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Qatar researchers are developing advanced screening tools for genetic diseases-Doha News

Qatar and Weill Cornell Medicine scientists have collaborated to build an innovative, low-cost screening tool, QChip 1, to detect genetic disorders.

Researchers at Weill Cornell Medicine (WCM)’s main campus in New York, WCM-Qatar (WCM-Q) and the Qatar Foundation (QF), are working on a large scale for Qatar citizens to carry out low-cost, high-cost, high-cost development. Cooperated to collect various genome databases. A technology screening device that can detect genetic diseases.

according to WCM The screening device labeled “QChip1” in the newsletter is a “microarray that can detect over 80,000 different DNA mutations in genes associated with hereditary diseases in blood samples.”

The QChip1 microarray sells for less than $ 100 and is used to assess the risk of hereditary disease among newborns, couples planning to have a family, and inpatients.

This striking innovation will essentially advance personalized medicine in Qatar.

“The QChip1 screening array represents some important milestones for Qatar,” said Dr. Khalid Fakhro, head of research at study co-author Sidra Medicine.

“First, it represents an important result of Qatar’s early investment in generating genomic knowledge about our population.

Second, this sequence is the first in the region and can be adopted in neighboring countries whose population shares ancestors (and disease mutations) with us.

And finally, it shows the strength of collaboration across Qatar’s biomedical research community. This is because it really took several years of stakeholder effort to create a viable product that would completely transform the screening of future generations of disease. “

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Researchers say that Qatar needs a population-specific screening device because of the Qatar population. [has] Most risk variants of hereditary diseases are in different sets, 85% of which are not found in the Western population. “

“The key message here is that in order to advance precision medicine to a particular population using genetic screening tools, we need to understand the specific set of risk variants found in that population.” , Dr. Ronald Crystal of the Faculty of Genetics, co-author of the study, said. Medicine at Weil Cornell Medical College.

The QChip1 Knowledge Base collaboration also includes the efforts of Sidra Medicine and Hamad Medical Corporation.

CDr. Radja Messai-Badji, lead author of the Qatar Foundation’s Genome Program, said:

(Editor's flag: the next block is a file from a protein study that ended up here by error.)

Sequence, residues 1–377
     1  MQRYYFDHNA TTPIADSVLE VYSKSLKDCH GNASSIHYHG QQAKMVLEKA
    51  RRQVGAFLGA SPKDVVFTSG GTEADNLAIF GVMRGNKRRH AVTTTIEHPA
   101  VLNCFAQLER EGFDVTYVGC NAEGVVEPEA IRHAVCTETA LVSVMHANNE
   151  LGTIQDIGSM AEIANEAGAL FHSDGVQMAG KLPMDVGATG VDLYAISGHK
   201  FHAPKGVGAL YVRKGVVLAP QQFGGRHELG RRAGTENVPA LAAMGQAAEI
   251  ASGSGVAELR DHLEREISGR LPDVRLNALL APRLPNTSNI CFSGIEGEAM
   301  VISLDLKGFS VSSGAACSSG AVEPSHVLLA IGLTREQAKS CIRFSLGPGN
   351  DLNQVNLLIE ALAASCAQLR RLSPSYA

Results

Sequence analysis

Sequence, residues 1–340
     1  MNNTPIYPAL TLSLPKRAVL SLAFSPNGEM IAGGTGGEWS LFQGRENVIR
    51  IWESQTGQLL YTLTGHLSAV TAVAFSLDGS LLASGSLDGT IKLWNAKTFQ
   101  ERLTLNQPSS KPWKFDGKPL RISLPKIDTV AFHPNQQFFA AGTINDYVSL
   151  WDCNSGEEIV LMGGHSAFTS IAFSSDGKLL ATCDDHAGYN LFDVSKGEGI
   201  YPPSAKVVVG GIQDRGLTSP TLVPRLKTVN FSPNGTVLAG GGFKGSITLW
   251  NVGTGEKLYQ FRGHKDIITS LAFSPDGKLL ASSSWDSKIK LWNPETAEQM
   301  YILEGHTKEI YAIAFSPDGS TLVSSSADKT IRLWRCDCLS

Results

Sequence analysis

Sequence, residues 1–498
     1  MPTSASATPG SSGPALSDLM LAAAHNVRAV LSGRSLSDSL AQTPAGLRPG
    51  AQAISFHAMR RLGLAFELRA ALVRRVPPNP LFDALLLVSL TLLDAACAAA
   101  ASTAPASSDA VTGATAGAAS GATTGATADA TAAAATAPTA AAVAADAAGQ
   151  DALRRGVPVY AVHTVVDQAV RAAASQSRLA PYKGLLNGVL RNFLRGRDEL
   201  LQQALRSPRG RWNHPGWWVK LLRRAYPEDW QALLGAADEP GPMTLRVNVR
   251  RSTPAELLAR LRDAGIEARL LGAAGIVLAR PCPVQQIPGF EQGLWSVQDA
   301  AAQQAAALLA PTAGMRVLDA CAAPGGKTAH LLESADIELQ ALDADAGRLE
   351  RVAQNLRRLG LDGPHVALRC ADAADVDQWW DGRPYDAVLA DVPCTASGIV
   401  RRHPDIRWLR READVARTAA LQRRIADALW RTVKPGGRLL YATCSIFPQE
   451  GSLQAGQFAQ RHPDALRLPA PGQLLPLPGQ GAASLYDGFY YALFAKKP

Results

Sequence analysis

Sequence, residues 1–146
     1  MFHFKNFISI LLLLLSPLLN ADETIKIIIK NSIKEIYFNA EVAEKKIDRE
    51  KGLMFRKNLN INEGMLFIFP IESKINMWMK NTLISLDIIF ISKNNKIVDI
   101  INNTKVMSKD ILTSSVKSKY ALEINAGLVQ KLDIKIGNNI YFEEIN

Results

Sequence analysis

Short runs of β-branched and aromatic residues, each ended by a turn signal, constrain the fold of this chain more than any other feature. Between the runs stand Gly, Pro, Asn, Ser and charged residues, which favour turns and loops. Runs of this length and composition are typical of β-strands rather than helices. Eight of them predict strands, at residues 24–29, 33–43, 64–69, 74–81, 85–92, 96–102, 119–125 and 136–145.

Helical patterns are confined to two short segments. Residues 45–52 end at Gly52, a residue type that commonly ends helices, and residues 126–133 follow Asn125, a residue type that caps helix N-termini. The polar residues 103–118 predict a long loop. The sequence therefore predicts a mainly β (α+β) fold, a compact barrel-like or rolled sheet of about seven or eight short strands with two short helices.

Breakdown of research

Many hereditary human diseases result from changes in pathogenic DNA within a single gene. This affects about 1 percent of the total population.

Monogenic disorders (SGD) can be either dominant or recessive. Children are 25% more likely to be affected by this pathogenic manifold, even if both unaffected parents have recessive SGD.

The NPJ Genomic Medicine article further states that “the tribal nature of marriage, in which an individual selects a spouse from a limited gene pool of members of the same tribe, is homozygous for pathogenic founder variants derived from a common ancestor. It contributes to increasing the possibility of sexuality. ”

Homozygosity is best described as a genetic condition in which a person inherits a similar DNA sequence of a particular gene from both parents.

The study also found that “the most pathogenic mutations per genome were observed in the common Arab population.” This means that this study is also relevant to other Middle Eastern societies.

Researchers described QChip1 screening by studying the DNA of 2,707 Qatari people using chips. “Through this large individual sample, we identified a total of 32,674 different risk variants, including an average of 134 risk variants per individual,” WCM said.

Researchers have also found that these pathogenic manifolds are highly cathartic-specific. This means that only about 15% of comparative DNA samples from European Americans, South Asian Americans, African Americans, and Puerto Ricans were detected.

In addition, DNA samples from Kuwait, Iran and the United Arab Emirates “only revealed about half of the Qatar variants detected,” WCM said.

Future outlook for QChip1

Dr. Asmaa AlThani, co-chief author of the Qatar Foundation’s Qatar Genome Program, said: And potentially pathogenic variants. “

Since most of the SGD database was collected from the western population, Qatar began to assemble a more comprehensive screening to collect a database showing Qatar-specific variants. This enables a more personalized and effective drug.

Dr. Asmaa AlThani added that as researchers detect new pathogen variants specific to Qatar, the necessary institutions are striving to advance the medical system at both the regional and broader regional levels.

read more: Qatar’s Genome Research Aims to Advance Precision Medicine Throughout the Region

In their report, WCM states:The QChip1 Knowledge Base and Qatar Genome Browser have been built to give researchers and clinicians access to research data and will continue to grow as more public data and literature from Qatar becomes available. .. “

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